National Repository of Grey Literature 2 records found  Search took 0.01 seconds. 
Cryogenic cell for study of water ice in ESEM microscope
Krutil, Vojtěch ; Kubíček, Jaroslav (referee) ; Urban, Pavel (advisor)
The presented thesis focuses on designing a cryogenic cell for the study of water ice in an environmental scanning electron microscope (ESEM). This cell allows the study ice in the temperature range 80 K – 300 K in a nitrogen gas environment with a pressure of up to 400 Pa. The cell is cooled by a flow cooling system, where liquid or gaseous nitrogen is used as a refrigerant. The cell consists of a double-walled vessel with vacuum insulation, a flow-through heat exchanger, a sample well, and a cooled cell lid. The heat exchanger was designed to be able to dissipate the heat load at the level of 1 W. The exchanger is equipped with an electric resistance heater with an output of approximately 60 W, enabling heating of the sample at speeds of up to 100 K·min-1. The design also includes an LN2 gateway located on the door of the vacuum chamber of the microscope, to which the capillaries of the heat exchanger for the intake and outlet of refrigerant are connected. During the experimental verification of the cryogenic cell in the test vacuum chamber with a pressure of GN2 ~ 400 Pa, the limit temperature of 77.5 K on the sample well was reached.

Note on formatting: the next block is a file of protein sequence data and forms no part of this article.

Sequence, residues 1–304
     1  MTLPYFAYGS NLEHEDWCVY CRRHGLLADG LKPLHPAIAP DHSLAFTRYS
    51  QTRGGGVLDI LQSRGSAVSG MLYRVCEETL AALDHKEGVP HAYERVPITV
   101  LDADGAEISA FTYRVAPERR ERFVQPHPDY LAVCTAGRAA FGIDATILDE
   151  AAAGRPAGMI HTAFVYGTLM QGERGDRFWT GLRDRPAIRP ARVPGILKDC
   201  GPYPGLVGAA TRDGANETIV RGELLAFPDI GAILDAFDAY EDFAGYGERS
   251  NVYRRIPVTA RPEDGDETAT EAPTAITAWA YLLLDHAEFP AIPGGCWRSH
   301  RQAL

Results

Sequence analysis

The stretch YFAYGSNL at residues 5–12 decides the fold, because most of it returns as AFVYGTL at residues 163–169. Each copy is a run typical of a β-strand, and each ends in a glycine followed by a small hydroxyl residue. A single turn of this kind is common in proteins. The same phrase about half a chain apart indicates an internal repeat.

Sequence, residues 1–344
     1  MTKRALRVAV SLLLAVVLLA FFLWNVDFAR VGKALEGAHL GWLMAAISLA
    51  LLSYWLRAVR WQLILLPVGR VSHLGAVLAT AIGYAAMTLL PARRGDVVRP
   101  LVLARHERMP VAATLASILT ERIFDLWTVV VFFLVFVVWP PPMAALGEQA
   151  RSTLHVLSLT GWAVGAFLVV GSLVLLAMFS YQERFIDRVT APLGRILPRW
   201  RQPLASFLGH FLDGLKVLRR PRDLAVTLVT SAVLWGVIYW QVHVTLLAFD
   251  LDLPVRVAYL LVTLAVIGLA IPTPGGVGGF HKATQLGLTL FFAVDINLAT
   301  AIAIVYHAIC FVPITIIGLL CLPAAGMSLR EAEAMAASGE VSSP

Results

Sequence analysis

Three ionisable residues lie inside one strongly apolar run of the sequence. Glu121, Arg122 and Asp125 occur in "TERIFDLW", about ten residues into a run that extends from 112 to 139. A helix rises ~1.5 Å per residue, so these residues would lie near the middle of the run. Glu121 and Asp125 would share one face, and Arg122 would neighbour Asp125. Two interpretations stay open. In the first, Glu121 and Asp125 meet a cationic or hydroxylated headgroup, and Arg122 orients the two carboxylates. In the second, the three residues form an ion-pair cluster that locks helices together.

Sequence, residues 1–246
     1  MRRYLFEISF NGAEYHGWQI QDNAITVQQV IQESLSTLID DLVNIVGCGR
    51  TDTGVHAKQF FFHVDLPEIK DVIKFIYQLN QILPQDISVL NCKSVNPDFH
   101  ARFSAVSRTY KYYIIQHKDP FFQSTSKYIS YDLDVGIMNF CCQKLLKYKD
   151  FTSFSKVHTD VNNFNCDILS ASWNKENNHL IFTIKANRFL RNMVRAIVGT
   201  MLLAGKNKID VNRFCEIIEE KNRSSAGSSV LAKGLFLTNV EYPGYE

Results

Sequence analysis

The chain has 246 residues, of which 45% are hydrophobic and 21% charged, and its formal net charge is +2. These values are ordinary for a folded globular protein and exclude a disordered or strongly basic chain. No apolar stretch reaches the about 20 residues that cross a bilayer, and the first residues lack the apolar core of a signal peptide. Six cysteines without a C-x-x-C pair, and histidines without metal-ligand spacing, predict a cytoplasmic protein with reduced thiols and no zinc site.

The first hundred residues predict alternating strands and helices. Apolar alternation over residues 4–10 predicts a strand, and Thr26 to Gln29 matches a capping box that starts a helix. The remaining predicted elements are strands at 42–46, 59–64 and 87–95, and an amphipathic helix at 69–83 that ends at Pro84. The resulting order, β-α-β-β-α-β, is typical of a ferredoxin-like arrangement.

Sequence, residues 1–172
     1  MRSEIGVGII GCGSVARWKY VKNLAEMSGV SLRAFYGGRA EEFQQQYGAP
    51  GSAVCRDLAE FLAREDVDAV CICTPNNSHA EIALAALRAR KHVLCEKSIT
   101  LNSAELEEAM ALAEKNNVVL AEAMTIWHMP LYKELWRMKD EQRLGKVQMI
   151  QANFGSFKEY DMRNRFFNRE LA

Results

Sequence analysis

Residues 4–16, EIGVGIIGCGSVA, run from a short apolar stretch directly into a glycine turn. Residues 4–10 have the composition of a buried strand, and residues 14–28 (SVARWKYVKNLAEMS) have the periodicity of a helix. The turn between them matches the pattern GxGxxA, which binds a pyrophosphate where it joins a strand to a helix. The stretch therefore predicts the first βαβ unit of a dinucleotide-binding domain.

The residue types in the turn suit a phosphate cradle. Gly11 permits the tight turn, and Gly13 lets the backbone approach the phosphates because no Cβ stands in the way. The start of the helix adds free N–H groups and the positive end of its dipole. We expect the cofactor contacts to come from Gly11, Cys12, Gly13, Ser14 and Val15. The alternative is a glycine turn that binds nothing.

Design of a sample holder with electrical contacts for UHV SEM/SPM
Krutil, Vojtěch ; Vlček, Ivan (referee) ; Urban, Pavel (advisor)
The presented thesis focuses on designing a sample holder for an UHV SEM/SPM microscope suitable for using in low temperature (20 K - 300 K) applications. This newly designed sample holder is equipped with ten spring-loaded contacts for electrical connection of a transport pallet to the sample holder, which will be equipped with a temperature sensor and a heating element. Two quadruples of contacts are reserved for the sample and the temperature sensor and the remaining pair for the heating element. A thorough research study of commercially available sample holders indicates that the holders for the intended use are not available on the market. In the low-temperature tests of the newly designed sample holder, the limit temperature of the 24 K was reached in a test vacuum chamber with a flow cooling system. The ambient temperature was 300 K. The contact function was successfully verified by measuring the transient electrical resistance at the fixed and the spring contact sections. Additionally, a modification of the sample holder for high temperature (300 K - 700 K) was suggested.

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